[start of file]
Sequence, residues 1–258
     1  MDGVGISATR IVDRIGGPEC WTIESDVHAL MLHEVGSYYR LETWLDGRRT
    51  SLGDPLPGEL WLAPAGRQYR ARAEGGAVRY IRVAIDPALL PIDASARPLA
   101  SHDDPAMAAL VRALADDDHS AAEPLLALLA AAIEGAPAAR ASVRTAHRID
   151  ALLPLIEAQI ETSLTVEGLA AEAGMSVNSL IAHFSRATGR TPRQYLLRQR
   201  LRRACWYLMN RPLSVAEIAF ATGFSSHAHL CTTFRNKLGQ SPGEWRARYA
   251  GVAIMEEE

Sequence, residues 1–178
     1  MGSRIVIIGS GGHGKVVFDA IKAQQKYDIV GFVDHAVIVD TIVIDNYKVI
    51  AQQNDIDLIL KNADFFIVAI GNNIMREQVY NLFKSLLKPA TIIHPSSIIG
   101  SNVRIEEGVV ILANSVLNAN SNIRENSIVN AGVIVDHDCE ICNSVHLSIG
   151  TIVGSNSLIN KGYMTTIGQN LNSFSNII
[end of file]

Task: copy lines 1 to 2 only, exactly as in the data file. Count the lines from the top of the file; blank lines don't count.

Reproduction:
Sequence, residues 1–258
     1  MDGVGISATR IVDRIGGPEC WTIESDVHAL MLHEVGSYYR LETWLDGRRT